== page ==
Now we know that Representative Anthony Weiner (D-NY) did not have his Twitter account hacked, he simply lied. A combination of the Congressman’s name, the object of his “indiscretion” and his pathetic attempt at damage control have all combined to inspire headlines like, “What’s Wrong With My Weiner?” But, there is a serious side to all of this.
Representative Weiner’s position is that his personal life does not affect his professional life and that his oath of public service has not been violated by his actions. Perhaps. But I have a different take on this … I think that Representative Weiner is too digitally illiterate to hold public office. As I have often said, there is no reasonable expectation of privacy in the information age. None. And that’s just for average people. If you choose a career in the public spotlight, you have to assume that your life is an open e-book. Everyone has access to everything you say, do, type, txt, shoot, tweet, update, buy, sell, borrow, steal, eat, drink, wear and, they can easily learn where you are and who you are with. If I’ve left something out, my bad … just include it … public life in the Information Age is totally public!
Nancy Pelosi ( House Minority Leader ) and U.S. Representative Steve Israel (D- Huntington ) have called for a Federal investigation. They want to make sure that @RepWeiner’s social media flirtations were not done at taxpayer’s expense. Pundits and proletarians are saying that our elected officials need to be held to a higher standard. I disagree. I think that we are all human and that we all make mistakes. However, I do think that in 2011 if you don’t know that a Tweet and a yfrog.com account are publishing platforms, you are too ignorant of our world to do anyone any good in Congress, or any other body tasked with crafting laws for the betterment of our society.
When he left his fateful voicemail message for his paramour, did Tiger Woods know that he was making a digital audio recording which would be stored on a remote server and distributed like a hit song on an illegal file sharing network? No. He thought he was leaving a voicemail. He had no idea it was a digital audio recording on a remote server. He had no idea that he would completely lose control of the rights to that work. He is digitally illiterate.
Did former Governor Eliot Spitzer know that an electronic transaction over State lines left a trail of electronic breadcrumbs leading directly to him? Obviously not. He is digitally illiterate.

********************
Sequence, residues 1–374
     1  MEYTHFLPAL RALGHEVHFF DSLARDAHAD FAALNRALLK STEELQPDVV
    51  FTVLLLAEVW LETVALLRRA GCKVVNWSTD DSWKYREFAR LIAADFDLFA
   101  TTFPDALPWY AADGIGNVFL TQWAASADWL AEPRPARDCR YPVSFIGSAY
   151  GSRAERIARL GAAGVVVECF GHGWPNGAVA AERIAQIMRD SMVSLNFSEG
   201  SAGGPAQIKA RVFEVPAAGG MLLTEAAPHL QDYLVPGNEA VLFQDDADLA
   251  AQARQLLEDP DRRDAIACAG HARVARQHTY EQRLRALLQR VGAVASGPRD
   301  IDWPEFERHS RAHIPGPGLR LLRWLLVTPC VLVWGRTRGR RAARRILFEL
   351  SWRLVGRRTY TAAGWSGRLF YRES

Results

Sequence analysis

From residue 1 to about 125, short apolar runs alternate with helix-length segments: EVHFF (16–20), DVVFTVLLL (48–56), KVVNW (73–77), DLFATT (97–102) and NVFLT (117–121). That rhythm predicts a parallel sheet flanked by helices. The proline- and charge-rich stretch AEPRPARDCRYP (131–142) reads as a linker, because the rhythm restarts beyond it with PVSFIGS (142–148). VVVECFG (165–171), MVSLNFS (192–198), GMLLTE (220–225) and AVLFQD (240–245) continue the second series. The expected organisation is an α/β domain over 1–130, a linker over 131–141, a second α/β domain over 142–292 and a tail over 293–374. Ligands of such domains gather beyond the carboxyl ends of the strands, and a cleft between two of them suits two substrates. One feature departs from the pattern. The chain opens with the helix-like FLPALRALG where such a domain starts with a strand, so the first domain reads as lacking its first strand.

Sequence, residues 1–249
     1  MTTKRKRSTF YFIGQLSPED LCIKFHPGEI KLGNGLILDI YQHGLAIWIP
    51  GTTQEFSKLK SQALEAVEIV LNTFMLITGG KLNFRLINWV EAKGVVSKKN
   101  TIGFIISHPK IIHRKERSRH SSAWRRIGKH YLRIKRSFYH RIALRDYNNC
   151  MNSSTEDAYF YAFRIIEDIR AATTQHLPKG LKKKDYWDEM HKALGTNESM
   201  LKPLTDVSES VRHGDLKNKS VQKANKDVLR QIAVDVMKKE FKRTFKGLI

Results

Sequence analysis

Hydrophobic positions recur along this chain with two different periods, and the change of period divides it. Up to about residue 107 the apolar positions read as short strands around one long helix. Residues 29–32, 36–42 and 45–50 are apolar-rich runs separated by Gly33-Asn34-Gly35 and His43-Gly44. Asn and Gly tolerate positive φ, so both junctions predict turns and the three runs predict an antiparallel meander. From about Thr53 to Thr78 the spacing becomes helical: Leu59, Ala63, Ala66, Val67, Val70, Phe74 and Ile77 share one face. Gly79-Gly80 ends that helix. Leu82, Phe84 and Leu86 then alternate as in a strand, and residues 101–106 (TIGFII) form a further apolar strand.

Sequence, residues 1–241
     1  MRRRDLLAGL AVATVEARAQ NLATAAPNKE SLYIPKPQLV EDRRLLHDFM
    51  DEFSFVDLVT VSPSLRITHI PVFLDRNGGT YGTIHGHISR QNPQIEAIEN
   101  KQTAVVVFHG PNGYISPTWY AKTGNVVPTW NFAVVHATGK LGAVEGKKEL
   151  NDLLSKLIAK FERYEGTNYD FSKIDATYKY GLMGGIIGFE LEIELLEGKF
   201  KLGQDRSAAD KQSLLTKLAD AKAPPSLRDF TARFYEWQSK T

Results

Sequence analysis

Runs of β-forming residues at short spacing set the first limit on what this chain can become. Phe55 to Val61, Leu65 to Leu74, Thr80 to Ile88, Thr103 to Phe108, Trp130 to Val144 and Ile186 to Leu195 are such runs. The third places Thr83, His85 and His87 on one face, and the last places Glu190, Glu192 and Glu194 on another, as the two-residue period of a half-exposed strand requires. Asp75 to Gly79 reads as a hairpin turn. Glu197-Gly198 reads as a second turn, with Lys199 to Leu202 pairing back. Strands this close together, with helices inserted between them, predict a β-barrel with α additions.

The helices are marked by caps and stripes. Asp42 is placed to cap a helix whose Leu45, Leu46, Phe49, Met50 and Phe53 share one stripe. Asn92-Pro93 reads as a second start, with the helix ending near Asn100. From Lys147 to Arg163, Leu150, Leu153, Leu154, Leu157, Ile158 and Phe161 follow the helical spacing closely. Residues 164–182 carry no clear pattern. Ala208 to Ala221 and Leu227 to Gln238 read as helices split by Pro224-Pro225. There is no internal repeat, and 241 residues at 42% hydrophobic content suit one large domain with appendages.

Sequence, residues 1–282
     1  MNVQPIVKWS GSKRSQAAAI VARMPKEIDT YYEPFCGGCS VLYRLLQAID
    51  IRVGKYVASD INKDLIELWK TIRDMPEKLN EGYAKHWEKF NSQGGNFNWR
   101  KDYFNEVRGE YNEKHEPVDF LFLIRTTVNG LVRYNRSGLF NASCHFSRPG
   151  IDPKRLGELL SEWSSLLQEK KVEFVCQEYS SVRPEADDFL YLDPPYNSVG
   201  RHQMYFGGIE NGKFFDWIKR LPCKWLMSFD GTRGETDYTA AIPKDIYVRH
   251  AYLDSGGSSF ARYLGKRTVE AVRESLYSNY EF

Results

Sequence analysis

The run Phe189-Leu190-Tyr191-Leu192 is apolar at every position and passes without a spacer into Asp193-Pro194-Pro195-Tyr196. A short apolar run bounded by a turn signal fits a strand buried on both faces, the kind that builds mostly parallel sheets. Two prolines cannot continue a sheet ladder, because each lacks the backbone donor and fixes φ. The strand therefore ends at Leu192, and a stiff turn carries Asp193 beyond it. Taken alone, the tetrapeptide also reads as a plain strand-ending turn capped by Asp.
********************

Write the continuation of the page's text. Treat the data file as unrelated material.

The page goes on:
Those were early days. This is 2011. There is absolutely no excuse for Anthony Weiner not to understand the power and pervasiveness of social media tools. It is insulting to all of us, and it demonstrates a profound lack of understanding of the world as it is rapidly evolving.
It is said that John F. Kennedy was the first “Television” President. His famous televised debate with Richard Nixon (the first in history) was a pivotal moment in modern communication. People who heard the debate on the radio thought that Nixon won, people who saw the debate on TV thought that Kennedy won. With a tan, full make-up and a charismatic television persona, Kennedy ushered in the era of television-savvy politics.
President Obama hired Chris Hughes (a co-founder of Facebook) to help him campaign and ushered in the era of Internet-savvy politics.
The candidates for 2012 will usher in the era of social media-savvy politics. Digital natives know the rules, the leadership must know them too.
In my book, Overcoming the Digital Divide: How to use Social Media and Digital Tools to Reinvent Yourself and Your Career, I outline the elements of digital life and spend time going through how our skillsets have to evolve with the technology. Not to make this too shameless a plug, but this is a book @RepWeiner might have benefited from reading.
There are some people who will push back and say that everyone is entitled to a private life. This may be true. However, we have not evolved our tools (or our societal expectations) to allow for it. This is probably something we should get to. However, in order to get to it, we need digitally literate leaders. Which … quite obviously … we don’t yet have.